The Cold Hard Facts: Chargers Waste Energy

Page updated on Jul 27, 2012 at 9:47 AM

The Cold Hard Facts: Chargers Waste Energy

charger imageDid you ever notice that the plug for your cell-phone charger is warm?  That is because it is drawing electricity, even when it’s not charging your phone.  This is known as “Phantom Energy” and by unplugging unused electronics and charging devices, you can save a lot of energy. The same holds true for your laptop, cordless phones, digital cameras, mp3 players, and even power tools.

Don’t be fooled into thinking you don’t have a choice. If constantly reaching under the desk to disconnect your chargers is an unappealing option, plug your electronics into a power strip and place it on TOP of your desk. That way, it takes only one easy push of a button and everything turns off. Many surge protectors come with a few “always-on” outlets for electronics such as clocks or fax machines, as well as “auto-off” options for devices that can be turned off outside of office hours.

Don’t want all those wires getting tangled, cluttering you space, and looking messy? Consider purchasing a charging station with a power strip or a cord organizer like the flame resistant Kangaroom Black Box.

For laptop charging stations, or other electronics that charge overnight, consider a surge protector with a timer. If plugged into a traditional wall outlet, these electronics will continue to draw phantom energy even after they are fully charged. Surge protectors with timers turn off the power supply after a specified time. They can be purchased for as little as $18 and predict an estimated savings of $30 per year.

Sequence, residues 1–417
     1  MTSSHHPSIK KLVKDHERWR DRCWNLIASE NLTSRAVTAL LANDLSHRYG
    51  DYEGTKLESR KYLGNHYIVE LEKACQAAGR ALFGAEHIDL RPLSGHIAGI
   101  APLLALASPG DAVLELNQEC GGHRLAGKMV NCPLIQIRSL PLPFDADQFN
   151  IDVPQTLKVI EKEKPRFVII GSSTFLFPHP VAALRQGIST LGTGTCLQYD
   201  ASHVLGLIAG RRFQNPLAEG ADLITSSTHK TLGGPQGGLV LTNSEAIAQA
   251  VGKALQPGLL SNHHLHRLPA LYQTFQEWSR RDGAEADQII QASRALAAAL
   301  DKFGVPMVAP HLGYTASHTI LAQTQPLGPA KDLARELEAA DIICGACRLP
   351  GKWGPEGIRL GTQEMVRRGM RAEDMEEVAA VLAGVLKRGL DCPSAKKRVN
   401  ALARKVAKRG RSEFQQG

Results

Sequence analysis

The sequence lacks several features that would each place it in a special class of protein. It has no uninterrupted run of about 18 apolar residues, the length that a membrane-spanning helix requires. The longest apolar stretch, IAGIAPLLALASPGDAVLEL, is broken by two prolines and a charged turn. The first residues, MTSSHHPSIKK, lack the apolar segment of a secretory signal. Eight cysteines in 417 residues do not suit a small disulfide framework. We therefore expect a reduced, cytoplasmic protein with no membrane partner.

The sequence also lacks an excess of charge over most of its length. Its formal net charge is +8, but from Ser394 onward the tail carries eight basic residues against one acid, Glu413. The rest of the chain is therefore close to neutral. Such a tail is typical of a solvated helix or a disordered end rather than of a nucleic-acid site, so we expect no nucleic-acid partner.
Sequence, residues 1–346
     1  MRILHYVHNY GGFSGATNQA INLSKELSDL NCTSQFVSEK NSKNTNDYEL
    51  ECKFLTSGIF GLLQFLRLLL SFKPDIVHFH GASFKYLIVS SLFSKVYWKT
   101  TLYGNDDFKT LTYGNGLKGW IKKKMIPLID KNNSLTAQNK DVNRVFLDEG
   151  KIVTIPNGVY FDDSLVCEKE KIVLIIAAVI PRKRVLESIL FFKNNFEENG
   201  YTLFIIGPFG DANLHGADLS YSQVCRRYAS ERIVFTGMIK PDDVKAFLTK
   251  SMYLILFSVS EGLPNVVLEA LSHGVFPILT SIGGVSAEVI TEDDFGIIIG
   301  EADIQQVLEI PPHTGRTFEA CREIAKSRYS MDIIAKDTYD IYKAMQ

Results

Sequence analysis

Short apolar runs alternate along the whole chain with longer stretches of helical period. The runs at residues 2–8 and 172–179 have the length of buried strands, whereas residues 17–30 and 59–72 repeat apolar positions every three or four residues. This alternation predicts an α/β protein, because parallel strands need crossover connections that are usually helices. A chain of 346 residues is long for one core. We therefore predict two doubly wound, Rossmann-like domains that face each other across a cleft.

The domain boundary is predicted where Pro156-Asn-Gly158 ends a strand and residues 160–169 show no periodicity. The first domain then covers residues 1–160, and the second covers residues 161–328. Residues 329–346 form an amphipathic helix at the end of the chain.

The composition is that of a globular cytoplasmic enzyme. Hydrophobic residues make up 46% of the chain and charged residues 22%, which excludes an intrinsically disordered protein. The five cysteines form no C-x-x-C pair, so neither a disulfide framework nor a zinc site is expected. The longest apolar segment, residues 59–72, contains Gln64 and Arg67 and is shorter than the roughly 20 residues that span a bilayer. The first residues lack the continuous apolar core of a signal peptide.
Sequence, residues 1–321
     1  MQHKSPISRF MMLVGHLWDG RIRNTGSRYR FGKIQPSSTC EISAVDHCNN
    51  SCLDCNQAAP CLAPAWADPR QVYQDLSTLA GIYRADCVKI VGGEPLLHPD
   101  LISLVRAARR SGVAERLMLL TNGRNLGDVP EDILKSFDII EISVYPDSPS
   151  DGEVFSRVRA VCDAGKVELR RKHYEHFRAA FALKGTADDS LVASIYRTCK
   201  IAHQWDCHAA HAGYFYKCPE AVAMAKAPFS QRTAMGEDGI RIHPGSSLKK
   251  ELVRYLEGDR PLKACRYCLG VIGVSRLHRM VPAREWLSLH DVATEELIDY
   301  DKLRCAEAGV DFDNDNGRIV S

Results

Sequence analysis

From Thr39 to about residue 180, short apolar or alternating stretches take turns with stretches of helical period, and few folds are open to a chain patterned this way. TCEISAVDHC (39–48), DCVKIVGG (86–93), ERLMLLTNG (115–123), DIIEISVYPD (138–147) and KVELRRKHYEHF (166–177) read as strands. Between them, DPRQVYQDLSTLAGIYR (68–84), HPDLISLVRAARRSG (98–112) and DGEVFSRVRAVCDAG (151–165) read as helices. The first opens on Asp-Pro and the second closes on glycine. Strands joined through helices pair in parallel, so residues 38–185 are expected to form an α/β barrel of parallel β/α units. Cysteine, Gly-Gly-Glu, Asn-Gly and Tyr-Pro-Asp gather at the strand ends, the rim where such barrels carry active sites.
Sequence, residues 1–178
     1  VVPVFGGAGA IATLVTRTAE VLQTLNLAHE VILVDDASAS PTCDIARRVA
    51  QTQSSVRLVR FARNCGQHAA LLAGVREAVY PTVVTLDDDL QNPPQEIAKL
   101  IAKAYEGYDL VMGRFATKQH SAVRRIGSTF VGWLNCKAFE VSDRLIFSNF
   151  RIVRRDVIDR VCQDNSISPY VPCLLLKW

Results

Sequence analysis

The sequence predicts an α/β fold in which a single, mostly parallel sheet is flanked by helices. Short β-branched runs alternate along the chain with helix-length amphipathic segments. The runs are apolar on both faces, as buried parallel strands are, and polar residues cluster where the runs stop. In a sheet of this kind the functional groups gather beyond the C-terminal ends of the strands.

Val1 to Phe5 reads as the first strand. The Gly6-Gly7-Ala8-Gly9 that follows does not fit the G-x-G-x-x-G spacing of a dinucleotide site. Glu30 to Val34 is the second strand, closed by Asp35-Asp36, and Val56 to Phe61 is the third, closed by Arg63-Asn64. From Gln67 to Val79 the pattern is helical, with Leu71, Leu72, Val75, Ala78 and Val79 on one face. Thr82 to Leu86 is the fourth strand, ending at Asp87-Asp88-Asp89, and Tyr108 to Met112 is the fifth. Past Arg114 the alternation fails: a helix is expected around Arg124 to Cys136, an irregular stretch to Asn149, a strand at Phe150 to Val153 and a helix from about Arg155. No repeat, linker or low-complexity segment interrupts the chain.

Phantom energy (also known as phantom load, idle current and vampire power) can account for about 10 percent of your home's electricity use and can be a considerable draw at work too. Take the power into your own hands and flip the switch.

Quick Facts

Energy Vampires silently suck away more than $5.8 billion of extra energy annually.
This wasted energy sends more than 87 billion pounds of CO2 into the atmosphere each year.